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Mark Steyn

EDITOR’S NOTE: This piece appears in the March 28, 2005, issue of National Review.

I yield to no one in my admiration for this great republic, but I’m a subject of Her Britannic Majesty and there are moments when the whole monarchy deal just falls into place for me. One of them occurred the other day, when the Queen hosted a reception at Buckingham Palace for the “British music industry.” This wasn’t “British music” as in Sir William Walton and Sir Edward Elgar, but the usual leathery old caterwaulers–though most of them now have knighthoods, too: Sir Elton John, Sir Mick Jagger, Sir Paul McCartney, etc.

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So Her Majesty found herself in a room of legendary rock guitarists, and apparently hadn’t a clue who they were. Introduced to Eric Clapton, she politely enquired, “Have you been playing a long time?” Passing on to Led Zeppelin’s Jimmy Page, the Queen asked, “And are you a guitarist, too?”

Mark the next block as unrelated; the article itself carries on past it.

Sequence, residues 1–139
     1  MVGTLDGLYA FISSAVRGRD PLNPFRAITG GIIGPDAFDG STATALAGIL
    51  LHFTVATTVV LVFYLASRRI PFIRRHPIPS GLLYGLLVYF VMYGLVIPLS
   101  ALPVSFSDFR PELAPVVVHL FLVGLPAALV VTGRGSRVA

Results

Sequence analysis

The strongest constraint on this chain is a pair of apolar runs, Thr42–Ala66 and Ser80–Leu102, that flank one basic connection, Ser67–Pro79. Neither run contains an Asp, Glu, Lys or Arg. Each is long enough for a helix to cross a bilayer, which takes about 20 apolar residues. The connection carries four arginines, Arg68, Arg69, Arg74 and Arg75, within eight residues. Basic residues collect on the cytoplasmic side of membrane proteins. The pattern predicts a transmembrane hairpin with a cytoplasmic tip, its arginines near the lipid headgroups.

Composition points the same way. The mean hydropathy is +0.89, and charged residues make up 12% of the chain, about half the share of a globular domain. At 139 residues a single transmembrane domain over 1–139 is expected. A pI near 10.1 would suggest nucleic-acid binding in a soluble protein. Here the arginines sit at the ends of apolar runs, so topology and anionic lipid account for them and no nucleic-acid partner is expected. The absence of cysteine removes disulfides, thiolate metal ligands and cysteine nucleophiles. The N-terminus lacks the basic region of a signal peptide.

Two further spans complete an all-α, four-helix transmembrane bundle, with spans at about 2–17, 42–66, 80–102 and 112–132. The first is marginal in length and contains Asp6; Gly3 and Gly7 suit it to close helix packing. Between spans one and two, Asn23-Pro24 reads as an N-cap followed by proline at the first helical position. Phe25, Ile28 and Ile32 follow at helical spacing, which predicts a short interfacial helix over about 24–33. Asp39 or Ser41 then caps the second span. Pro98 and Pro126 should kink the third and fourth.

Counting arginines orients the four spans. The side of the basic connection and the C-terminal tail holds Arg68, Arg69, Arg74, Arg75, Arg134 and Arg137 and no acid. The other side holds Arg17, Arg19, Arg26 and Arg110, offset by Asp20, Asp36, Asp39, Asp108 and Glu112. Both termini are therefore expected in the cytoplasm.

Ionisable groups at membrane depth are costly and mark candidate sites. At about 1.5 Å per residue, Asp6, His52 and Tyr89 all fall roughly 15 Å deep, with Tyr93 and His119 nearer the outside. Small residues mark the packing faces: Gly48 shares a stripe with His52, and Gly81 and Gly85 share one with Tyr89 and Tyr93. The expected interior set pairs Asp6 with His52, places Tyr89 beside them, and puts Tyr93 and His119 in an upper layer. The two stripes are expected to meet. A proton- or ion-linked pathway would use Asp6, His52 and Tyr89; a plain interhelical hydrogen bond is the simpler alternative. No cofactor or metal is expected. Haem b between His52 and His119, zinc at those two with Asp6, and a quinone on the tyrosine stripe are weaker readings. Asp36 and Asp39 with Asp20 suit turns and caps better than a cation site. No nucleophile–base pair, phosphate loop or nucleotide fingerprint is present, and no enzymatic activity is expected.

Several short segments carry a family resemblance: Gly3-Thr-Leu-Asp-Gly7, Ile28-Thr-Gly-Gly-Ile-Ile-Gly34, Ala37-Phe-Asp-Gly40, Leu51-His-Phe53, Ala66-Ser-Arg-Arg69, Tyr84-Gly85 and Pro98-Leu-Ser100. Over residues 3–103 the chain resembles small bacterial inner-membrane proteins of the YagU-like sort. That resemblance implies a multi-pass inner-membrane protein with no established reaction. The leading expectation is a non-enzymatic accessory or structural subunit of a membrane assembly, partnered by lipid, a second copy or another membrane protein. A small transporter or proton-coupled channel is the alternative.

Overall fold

Full disclosure: I confess to a certain antipathy to Mr. Clapton. Years ago, I was nominated for a radio award and wound up losing to a BBC production, The Eric Clapton Story. Okay, even fuller disclosure: I didn’t lose to The Eric Clapton Story, I lost to The Eric Clapton Story Part 4, which is even more humiliating. If memory serves, Part 4 was the episode with “Layla” in it.

So I envy the Queen her blissful ignorance of the rock colossus. That’s what I call real cool. By contrast, consider Vice President Al Gore meeting Courtney Love at a Hollywood fundraiser: “I’m a really big fan,” gushed the vice-panderer. Ms. Love, to her credit, scoffed, “Yeah, right. Name a song.”…

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